Think About It

That’s How the Fight Started

by Don Meyer, Ph.D. | February 11, 2012
Part of the happiness of life consists not in fighting battles, but in avoiding them.  A masterly retreat is in itself a victory.
Norman Vincent Peale

Over the years I have always been a bit uneasy with those who poke fun at marriage.  I guess it’s because marriage really matters. Ever since August 5, 1967 when I changed Evie’s last name from “Morneau” to “Meyer,” I have had a profound, indescribable gratitude for the privilege I have had to share my life with her as her husband.  

But lest I come across as a prude, there are times we hear genuinely humorous things about marriage and being able to laugh a little bit about the ways we function in this sacred institution can actually help to stabilize and re-enforce its influence.  I remember early saying to Evie, “I’m not fussy about a lot of things but…” then I would reference something I am very fussy about.  We have laughed at that oft repeated remark over the years as I add yet one more item to my “fussy” list pretty much negating the claim.

Years ago I heard someone make this remark about marriage that I disagree with yet for some reason it still makes me smile, “Marriage is a great institution but who likes to live in institutions.”

Here are a few more such anecdotes:

One year I decided to buy my mother-in-law a cemetery plot as a Christmas gift.  The next year I didn’t buy her a gift.  When she asked me why, I replied, “Well, you still haven’t used the gift I bought for you last year.”  That’s when the fight started.

When our lawn mower broke my wife kept hinting to me that I should get it fixed.  But somehow I always had something else to take care of first.  Finally, she thought of a clever way to make her point.  When I arrived home one day I found her seated in the tall grass busily snipping away with a tiny pair of sewing scissors.  I watched her silently for a short time, went into the house and came out and handed her a toothbrush saying, “When you finish cutting the grass, you might as well sweep the driveway.”  That’s when the fight started.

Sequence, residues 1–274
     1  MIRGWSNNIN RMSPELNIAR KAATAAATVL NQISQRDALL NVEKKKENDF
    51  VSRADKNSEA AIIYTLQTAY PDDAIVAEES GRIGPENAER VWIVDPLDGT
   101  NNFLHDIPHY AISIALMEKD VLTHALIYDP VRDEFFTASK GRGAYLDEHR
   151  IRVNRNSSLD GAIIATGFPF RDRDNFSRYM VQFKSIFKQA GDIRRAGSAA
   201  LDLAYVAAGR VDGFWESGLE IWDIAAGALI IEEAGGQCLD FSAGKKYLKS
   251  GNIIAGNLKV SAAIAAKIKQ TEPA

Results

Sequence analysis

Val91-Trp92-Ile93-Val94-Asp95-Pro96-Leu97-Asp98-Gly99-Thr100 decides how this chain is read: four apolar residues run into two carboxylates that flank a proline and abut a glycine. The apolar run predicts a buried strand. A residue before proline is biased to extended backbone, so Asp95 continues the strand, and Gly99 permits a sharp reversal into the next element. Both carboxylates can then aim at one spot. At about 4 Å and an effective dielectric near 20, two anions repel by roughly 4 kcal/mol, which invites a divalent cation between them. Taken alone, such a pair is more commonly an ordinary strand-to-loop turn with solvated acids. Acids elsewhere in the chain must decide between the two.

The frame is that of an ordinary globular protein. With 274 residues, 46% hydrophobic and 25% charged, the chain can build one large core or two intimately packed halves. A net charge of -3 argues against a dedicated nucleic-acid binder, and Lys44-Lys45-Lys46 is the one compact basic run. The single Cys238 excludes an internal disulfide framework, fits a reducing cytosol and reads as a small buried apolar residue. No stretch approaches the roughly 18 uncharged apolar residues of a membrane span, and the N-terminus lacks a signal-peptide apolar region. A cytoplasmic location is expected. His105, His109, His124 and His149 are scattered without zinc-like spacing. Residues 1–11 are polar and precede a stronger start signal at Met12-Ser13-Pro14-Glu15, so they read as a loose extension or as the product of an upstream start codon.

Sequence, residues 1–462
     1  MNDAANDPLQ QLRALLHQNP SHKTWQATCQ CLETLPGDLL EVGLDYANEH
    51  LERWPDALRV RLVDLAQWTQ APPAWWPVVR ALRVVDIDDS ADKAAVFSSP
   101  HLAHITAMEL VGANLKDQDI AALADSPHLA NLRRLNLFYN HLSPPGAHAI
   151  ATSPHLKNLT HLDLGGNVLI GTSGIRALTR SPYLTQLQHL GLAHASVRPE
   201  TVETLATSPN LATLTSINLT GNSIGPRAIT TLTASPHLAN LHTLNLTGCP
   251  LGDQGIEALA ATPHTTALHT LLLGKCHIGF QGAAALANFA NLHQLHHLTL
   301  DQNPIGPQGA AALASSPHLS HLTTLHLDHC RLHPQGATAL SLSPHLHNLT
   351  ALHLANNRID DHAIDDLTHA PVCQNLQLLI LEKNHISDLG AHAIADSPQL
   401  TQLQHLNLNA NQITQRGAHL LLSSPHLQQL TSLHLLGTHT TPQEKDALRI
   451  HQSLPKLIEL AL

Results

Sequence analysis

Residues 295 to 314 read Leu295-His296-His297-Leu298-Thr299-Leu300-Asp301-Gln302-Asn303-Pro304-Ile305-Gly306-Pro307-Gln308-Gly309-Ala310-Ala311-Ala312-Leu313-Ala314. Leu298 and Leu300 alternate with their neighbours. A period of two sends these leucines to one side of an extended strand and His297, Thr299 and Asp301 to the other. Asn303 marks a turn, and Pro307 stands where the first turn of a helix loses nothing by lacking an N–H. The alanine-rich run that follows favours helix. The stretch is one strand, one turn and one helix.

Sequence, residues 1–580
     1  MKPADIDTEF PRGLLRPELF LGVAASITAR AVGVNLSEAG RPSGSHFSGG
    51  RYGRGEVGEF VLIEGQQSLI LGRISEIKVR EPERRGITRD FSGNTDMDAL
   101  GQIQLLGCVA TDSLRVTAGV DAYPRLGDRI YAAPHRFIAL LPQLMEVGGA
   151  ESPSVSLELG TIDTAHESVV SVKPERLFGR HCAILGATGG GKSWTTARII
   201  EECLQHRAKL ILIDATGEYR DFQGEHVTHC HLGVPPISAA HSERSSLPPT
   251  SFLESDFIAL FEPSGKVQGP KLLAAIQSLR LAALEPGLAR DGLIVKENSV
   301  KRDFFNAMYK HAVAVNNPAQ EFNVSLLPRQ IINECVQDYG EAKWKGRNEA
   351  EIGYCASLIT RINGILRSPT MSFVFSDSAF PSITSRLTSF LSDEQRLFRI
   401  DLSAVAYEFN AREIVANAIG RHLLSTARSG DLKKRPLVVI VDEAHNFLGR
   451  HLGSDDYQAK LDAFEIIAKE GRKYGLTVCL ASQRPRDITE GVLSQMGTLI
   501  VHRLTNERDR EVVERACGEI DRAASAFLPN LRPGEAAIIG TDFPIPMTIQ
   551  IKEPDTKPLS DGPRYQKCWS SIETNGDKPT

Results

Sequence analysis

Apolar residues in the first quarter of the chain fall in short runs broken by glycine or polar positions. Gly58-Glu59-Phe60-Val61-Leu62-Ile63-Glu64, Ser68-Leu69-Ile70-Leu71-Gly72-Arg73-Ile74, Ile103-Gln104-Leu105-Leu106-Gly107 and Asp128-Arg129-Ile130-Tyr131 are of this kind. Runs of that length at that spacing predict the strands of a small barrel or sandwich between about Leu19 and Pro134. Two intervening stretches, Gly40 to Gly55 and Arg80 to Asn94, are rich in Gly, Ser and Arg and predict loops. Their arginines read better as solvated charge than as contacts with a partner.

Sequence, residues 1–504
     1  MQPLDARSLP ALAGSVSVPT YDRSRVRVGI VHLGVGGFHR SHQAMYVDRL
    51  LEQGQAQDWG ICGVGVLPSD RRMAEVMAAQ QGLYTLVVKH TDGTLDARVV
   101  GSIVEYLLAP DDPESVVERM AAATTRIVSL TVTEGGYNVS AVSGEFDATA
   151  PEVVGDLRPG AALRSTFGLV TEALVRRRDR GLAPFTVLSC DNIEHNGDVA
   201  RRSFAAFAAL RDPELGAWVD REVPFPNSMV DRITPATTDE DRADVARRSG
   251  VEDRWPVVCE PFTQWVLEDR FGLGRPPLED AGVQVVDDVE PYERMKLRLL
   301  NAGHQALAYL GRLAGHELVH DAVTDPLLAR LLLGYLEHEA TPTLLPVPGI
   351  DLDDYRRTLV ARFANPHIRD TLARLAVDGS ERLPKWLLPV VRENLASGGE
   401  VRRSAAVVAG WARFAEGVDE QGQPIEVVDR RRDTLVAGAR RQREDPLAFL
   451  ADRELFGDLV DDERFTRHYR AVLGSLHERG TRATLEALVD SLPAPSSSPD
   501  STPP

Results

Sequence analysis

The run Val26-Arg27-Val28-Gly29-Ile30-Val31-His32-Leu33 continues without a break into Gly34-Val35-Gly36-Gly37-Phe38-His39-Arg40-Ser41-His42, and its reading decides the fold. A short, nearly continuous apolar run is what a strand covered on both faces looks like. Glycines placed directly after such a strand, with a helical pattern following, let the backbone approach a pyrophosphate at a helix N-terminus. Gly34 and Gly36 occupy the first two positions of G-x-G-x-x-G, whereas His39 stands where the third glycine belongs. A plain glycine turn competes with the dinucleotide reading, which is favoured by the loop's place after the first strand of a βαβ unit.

My wife was hinting about what she wanted for our upcoming anniversary.  She said, “I want something shiny that goes from 0 to 150 in about 3 seconds.”  I bought her a bathroom scale.  That’s when the fight started.

We were sitting with two other couples at a dinner table and just as the meal began, one of the husbands looked over at his wife and said, “Will you please pass the honey, Honey?”  The other husband looked over at his wife and said, “Will you please pass the sugar, Sugar?”  The third husband knew he had to say something to demonstrate his love for his wife and also demonstrate his creativity so without thinking he looked at his wife and with similar sincerity said, “Will you please pass the tea, Bag?”   That’s when the fight started.

My wife sat down next to me as I was flipping channels.  She asked, “What’s on the TV?”  I said, “Dust.”  That’s when the fight started.

I think most of us can muster a bit of a smile as we reflect on these or our own spousal interactions.  Surely Alan King had this in mind when he said, “Marriage is nature’s way of keeping us from fighting with strangers.”  

When we were first married I remember reading this quote, “Within the first 30 days any newly married couple can begin to find reasons for them to be divorced.  What is needed, however, is for them to focus on reasons why they should stay together.”

And, I love the plaque which says, “We may not have it all together, but together we have it all.”  

Think about it.

Dr. Don Meyer is President of 
Valley Forge Christian College, Phoenixville, PA 
Responses can be mailed to president@vfcc.edu
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